New Issue! Plus: Regional economic disparities and Hillary Clinton’s Unfortunate Remarks

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Our March/April issue is at the printers (and in e-subscribers’ inboxes). (Not a subscriber yet? You can subscribe now here!)

We just posted an article from the new issue–Jerry Friedman’s “Economy in Numbers” column, Growing Together, Flying Apart: Regional Disparities in American Politics and Economics.  Coincidentally, it provides excellent commentary on the remarks Hillary Clinton made recently, to great controversy, characterizing the parts of the country she won in the 2016 presidential election compared to those won by Trump:

“If you look at the map of the United States, there’s all that red in the middle where Trump won,” Clinton said. “I win the coast, I win, you know, Illinois and Minnesota, places like that.”

“I won the places that represent two-thirds of America’s gross domestic product,” she continued. “So I won the places that are optimistic, diverse, dynamic, moving forward. And his whole campaign, ‘Make America Great Again,’ was looking backwards.”

Jerry’s article talks about the regional economic disparities that have left Trump-voting regions (and rural parts of Clinton-voting regions) behind, and the political consequences of those disparities.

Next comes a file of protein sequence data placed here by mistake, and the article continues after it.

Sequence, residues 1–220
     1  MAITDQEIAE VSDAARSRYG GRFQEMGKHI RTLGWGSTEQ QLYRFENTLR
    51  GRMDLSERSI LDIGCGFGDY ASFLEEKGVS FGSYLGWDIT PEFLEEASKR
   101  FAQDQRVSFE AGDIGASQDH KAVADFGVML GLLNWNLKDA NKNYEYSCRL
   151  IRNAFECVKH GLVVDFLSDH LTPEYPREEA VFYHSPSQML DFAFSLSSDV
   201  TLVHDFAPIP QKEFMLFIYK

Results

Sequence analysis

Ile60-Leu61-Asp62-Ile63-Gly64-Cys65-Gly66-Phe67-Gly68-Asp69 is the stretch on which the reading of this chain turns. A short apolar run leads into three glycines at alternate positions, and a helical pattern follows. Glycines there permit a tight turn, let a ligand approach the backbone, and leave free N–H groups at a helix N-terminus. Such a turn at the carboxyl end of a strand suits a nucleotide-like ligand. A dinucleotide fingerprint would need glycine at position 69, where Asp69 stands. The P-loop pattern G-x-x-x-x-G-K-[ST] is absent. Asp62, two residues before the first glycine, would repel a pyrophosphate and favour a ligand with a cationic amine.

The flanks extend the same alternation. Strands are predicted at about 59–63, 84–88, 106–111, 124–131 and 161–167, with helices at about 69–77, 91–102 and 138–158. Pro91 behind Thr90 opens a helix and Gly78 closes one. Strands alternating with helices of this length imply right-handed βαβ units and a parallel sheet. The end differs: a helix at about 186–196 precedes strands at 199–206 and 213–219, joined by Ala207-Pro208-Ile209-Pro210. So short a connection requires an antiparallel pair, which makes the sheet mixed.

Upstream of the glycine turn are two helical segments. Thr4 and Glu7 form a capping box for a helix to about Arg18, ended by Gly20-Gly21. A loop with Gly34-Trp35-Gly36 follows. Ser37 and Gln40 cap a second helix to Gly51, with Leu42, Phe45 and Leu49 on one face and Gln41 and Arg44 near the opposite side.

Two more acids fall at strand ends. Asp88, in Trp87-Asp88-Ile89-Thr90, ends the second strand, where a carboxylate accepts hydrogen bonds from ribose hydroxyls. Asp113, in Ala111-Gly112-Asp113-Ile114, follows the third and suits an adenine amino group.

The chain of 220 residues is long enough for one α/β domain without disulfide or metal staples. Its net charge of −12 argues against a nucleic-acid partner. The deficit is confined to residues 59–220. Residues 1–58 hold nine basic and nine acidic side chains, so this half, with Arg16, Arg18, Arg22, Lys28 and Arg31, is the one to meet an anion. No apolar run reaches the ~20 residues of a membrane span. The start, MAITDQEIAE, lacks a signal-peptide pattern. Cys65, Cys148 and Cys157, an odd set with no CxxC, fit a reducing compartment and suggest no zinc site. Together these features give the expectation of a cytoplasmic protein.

Here is the editorial note for the issue:

This Is Your Economy on Finance

The Dow Jones Industrial Average reached an all-time high of 26,616 points on January 26 of this year. That was after rising almost 8,000 points since Donald Trump’s inauguration. The Dow then fell over 2,700 points in early February, which met the technical definition of a market correction—a drop of at least 10% from a recent high. Since then, the Dow and other indices have gone up and down, but mostly up, since the correction.

What does this mean for the rest of us, and what does it tell us about the economy? Much of the business press would like us to think the rising stock market is good news for the economy; that was President Trump’s message in his first State of the Union a couple of weeks before the correction. But the business press tipped its hand when it explained the correction as markets’ reaction to lower unemployment and a minor uptick in wages. Why would investors consider wage increases bad news? According to John Miller, it’s all about class conflict—and about the disconnect between stock market investors (and stock values) and workers on “Main Street.” Even slightly higher wages lead investors to fear higher labor costs and inflation. But workers’ share of output remains low, and corporate profits continue to be at record highs—numbers which “reveal the unwillingness of the financial powers to share with workers the gains of economic growth.”